Queen Bee syndrome is a myth, according to study

Researchers found that if a woman was chief executive in an organisation females were more likely to get top roles

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The Independent Online

Queen bee syndrome is a myth according to researchers who have contradicted theories that have held since 1973, that leading professional women keep other females out.

Instead, the lack of women in senior roles is down to men’s determination to retain power at the top, the research team at Columbia Business School, New York, concluded.

The new research looked at top management teams in 1,500 companies over a 20-year period and found that rather than women putting female subordinates down, women were more likely to make senior positions where a woman had been appointed chief executive.

However, when a woman was appointed to a senior role that was not at the top of the management team, the likelihood of other females being appointed fell by 50 per cent.

Just sice of the companies in the current FTSE 100 are run by female chief executives.

The research team at Columbia Business School said: “Women face and implicit quota, whereby firms seek to maintain a small number of women on their top management team, usually only one.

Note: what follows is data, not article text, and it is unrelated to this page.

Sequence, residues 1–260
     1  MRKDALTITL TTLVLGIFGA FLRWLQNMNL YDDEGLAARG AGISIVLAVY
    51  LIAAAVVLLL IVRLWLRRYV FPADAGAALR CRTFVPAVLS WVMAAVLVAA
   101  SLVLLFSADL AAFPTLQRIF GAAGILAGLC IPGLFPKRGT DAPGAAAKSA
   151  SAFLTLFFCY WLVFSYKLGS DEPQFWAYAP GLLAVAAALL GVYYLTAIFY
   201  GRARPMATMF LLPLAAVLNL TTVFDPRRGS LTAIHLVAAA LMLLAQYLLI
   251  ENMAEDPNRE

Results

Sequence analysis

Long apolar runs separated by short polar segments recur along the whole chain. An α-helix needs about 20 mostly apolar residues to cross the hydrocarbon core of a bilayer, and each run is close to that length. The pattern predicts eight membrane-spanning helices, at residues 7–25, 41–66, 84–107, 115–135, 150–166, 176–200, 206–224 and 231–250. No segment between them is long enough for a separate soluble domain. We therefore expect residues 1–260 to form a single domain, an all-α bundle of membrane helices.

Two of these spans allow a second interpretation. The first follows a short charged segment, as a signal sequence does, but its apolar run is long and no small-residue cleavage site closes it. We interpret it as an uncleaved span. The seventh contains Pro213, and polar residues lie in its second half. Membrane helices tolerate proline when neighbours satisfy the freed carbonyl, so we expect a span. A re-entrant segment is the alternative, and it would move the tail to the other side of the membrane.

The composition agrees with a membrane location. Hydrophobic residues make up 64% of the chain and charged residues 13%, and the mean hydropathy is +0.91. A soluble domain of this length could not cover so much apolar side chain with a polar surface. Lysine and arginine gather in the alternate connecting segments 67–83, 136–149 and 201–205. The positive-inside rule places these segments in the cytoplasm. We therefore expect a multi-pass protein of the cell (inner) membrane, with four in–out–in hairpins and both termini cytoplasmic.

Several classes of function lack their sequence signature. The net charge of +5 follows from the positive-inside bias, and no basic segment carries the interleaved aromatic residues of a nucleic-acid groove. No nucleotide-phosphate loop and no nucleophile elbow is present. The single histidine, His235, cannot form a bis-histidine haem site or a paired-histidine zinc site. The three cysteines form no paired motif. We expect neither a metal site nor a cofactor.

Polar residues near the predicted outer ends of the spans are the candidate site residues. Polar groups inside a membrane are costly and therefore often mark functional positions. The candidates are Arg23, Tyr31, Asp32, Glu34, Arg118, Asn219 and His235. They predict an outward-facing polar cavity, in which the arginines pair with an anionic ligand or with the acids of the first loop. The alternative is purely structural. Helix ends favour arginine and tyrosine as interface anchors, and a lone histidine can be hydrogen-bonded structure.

“While firms gain legitimacy from having women in top management, the value of this legitimacy declines with each woman.”

The findings are to be presented at the Girl’s Day School Trust (GDST) conference on Wednesday, where high-flying woman such as Margaret Hodge MP and Stella Rimington, the former MI5 director-general, are expected to be in attendance.

Helen Fraser, chief executive of the GDST, told The Sunday Times: "It used to be believed that women were less likely to help others with career advancement because of fear of professional rivalry or of being undermined.

"This new research indicates that the notion female senior executives are 'queen bees' who are unwilling to support other women needs to be put to rest."

Additional Reporting: PA

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